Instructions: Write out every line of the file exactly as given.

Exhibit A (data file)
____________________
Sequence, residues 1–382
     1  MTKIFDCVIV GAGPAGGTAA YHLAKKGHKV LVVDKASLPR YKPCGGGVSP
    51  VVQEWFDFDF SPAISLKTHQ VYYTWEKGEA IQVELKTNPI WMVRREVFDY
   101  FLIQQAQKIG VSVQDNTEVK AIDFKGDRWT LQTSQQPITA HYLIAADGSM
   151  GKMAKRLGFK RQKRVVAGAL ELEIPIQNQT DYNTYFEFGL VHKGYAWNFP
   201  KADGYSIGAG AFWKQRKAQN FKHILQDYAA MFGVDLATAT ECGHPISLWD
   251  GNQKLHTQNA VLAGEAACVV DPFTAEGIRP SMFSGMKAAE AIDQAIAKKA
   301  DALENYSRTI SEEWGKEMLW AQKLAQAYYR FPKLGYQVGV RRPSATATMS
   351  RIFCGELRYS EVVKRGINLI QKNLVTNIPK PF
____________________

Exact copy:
Sequence, residues 1–382
     1  MTKIFDCVIV GAGPAGGTAA YHLAKKGHKV LVVDKASLPR YKPCGGGVSP
    51  VVQEWFDFDF SPAISLKTHQ VYYTWEKGEA IQVELKTNPI WMVRREVFDY
   101  FLIQQAQKIG VSVQDNTEVK AIDFKGDRWT LQTSQQPITA HYLIAADGSM
   151  GKMAKRLGFK RQKRVVAGAL ELEIPIQNQT DYNTYFEFGL VHKGYAWNFP
   201  KADGYSIGAG AFWKQRKAQN FKHILQDYAA MFGVDLATAT ECGHPISLWD
   251  GNQKLHTQNA VLAGEAACVV DPFTAEGIRP SMFSGMKAAE AIDQAIAKKA
   301  DALENYSRTI SEEWGKEMLW AQKLAQAYYR FPKLGYQVGV RRPSATATMS
   351  RIFCGELRYS EVVKRGINLI QKNLVTNIPK PF